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Investigation into how light intensity affects the rate of photosynthesis.

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Investigation into how light intensity affects the rate of photosynthesis Aim: The aim of this investigation is to determine whether light intensity affects the rate at which plants photosynthesise. Introduction/Prediction: All living things need food to survive. Photosynthesis is the chemical process, which takes place in every green plant to produce glucose, the plants food supply. Glucose is used for many different things in the plant; it can be combined with nitrates from the soil to make amino acids, which then in turn can be used to make proteins. Glucose can be turned into cellulose which is used to make strong cells that can support the plant keeping it up right. But most importantly glucose is needed in the growing parts of the plant i.e. shoots, roots, developing buds, flowers and fruits. These areas of the plant need the sugars as a source of energy and as materials in the growth. The chemical equation for photosynthesis is: Sunlight Carbon dioxide + Water Glucose and Oxygen Chlorophyll Sunlight 6CO2 + 6H2O C6 H12 O6 and 6O2 Chlorophyll Sunlight is trapped by a green pigment called chlorophyll in the chloroplast cells of the leaf. The chlorophyll then turns the light energy it trapped from the sun into chemical energy which is used to join together water and carbon molecules to make glucose (a sugar); oxygen is also produced as a by-product. This glucose can be transported up and down the plant by the phloem (one of the plants veins that transports sugars up and down the stem) ...read more.


Unfortunately we do not have the apparatus to measure how much gas a plant is giving off but instead we are going to use elodea, which is a type of pond weed. By submerging the pond weed in water then placing it in different light intensities, for a set amount of time, we can count how many oxygen bubbles the elodea gives off, thus giving us a good idea of how much oxygen is being given off as a by-product of photosynthesis. The more bubbles, the more oxygen the more the plant is photosynthesizing. The less bubbles, the slower the rate of photosynthesis. Apparatus: Bench lamp Ruler Elodea, pond weed Test tube Test tube holder Timer Light intensity measuring device Water Detailed Method: 1.) Set up the apparatus as shown above. 2.) Place the pond weed in the test tube with 25ml� of water. 3.) Place test tube in test tube holder. 4.) Measure the distance from the elodea to the light. 5.) Turn on the lamp. 6.) Measure the light intensity. 7.) Start the timer and count how many bubbles the elodea gives off in 1minute. 8.) Record results and repeat. Fair test and variables: To keep this a fair test we will only change one variable, that variable will be the distance between the elodea and the light source. Moving the elodea further away from the light source will give us the different light intensities that we need to do this investigation. Other variables we could have changed include: the colour of the light source as chlorophyll easily absorbs blue and red light but ...read more.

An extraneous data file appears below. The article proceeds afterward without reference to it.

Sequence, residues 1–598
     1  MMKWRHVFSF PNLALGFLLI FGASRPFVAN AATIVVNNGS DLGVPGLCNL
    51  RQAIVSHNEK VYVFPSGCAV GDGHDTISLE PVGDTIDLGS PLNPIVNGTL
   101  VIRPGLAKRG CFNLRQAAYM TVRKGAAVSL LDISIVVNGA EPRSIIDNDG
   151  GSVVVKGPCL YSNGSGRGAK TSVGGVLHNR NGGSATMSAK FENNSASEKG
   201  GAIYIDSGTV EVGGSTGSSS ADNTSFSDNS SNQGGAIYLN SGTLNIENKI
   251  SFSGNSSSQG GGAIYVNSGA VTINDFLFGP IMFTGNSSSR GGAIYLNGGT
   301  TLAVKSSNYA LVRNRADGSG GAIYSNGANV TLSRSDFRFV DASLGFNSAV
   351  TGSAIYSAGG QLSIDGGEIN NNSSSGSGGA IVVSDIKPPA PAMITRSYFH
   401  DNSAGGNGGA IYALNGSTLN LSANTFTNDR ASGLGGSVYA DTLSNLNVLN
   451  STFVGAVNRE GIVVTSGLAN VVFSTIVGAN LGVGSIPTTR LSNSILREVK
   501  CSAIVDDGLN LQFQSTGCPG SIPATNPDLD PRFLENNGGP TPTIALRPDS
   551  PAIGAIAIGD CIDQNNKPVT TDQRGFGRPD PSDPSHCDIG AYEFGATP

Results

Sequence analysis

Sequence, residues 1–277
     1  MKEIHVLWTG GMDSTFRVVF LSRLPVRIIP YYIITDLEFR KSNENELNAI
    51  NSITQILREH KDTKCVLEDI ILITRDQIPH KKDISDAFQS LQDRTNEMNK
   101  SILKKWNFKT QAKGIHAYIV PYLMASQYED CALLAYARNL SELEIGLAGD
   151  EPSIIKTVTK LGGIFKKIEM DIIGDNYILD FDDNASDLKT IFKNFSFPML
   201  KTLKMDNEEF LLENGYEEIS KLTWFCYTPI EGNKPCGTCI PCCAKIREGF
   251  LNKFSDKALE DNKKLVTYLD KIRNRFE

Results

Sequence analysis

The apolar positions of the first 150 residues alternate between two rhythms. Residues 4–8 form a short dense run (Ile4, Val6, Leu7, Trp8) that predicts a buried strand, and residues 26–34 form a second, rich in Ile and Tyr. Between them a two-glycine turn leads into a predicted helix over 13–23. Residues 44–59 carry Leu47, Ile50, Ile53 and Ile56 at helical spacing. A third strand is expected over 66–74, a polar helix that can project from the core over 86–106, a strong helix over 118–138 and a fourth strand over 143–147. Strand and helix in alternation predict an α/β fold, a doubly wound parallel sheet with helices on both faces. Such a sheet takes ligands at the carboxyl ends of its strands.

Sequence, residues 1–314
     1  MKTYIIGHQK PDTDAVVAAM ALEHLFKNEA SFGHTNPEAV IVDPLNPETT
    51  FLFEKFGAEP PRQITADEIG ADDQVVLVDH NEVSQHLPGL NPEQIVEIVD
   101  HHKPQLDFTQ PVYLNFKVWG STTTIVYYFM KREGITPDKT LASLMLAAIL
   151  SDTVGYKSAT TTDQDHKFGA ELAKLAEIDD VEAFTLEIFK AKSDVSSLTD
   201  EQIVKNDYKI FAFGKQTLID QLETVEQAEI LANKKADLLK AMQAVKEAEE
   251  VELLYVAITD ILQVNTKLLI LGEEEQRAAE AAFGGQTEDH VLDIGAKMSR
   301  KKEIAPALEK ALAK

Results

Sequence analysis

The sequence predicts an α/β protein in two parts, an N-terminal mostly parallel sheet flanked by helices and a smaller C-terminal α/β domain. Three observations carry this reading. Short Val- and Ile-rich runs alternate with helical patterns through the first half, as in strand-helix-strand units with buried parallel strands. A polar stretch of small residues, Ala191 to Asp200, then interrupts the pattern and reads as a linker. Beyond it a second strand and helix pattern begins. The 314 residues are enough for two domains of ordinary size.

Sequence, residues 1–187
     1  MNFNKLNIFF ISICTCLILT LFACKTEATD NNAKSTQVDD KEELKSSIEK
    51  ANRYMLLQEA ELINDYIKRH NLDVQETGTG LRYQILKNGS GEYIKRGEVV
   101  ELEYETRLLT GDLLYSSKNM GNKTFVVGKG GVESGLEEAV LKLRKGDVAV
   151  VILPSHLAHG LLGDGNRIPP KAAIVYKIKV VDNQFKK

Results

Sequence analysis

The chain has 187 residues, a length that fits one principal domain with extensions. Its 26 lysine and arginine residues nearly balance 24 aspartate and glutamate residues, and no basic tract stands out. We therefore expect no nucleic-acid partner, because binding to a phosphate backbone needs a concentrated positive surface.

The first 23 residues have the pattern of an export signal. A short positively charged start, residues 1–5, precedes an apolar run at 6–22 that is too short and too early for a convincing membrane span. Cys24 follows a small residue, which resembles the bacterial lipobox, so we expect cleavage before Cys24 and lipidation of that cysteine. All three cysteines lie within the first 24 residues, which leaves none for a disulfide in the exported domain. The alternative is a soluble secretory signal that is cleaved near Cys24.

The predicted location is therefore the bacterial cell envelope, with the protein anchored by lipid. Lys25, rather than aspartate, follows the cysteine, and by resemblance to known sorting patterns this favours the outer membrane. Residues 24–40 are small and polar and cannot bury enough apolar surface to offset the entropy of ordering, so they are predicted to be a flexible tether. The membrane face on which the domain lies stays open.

Human error also comes into play as well, as if the person counting bubbles was not totally concentrating they might miss a bubble or think they saw a bubble when they didn't this could cause serious problems with the accuracy of our results. What's more there is also the problem of when to start the timer, should the timer be started after the first bubble or before the first bubble thus meaning less bubbles were counted. In future experiments this should be specified in the plan and stuck to with each experiment. So although for our small experiment I feel our results and my prediction are justified there are many things that could be changed to make our experiment more reliable and accurate as stated earlier. To extend our experiment we could try using coloured light to prove that the colour of the light is also a limiting factor, or see whether it is only certain types of light that effect photosynthesis by trying different types of light such as fluorescent or halogen lights. We could also try involving more of the other limiting factors such as temperature or carbon dioxide concentration by linking them into this experiment as well as investigating them as limiting factors on there own. One other way of extending out investigation would be to try using a different method of measuring whether light is a limiting factor in photosynthesis such as measuring how much carbon dioxide the plant is using instead of how much oxygen it is giving out and then comparing the results with the results we gained from this experiment. ...read more.

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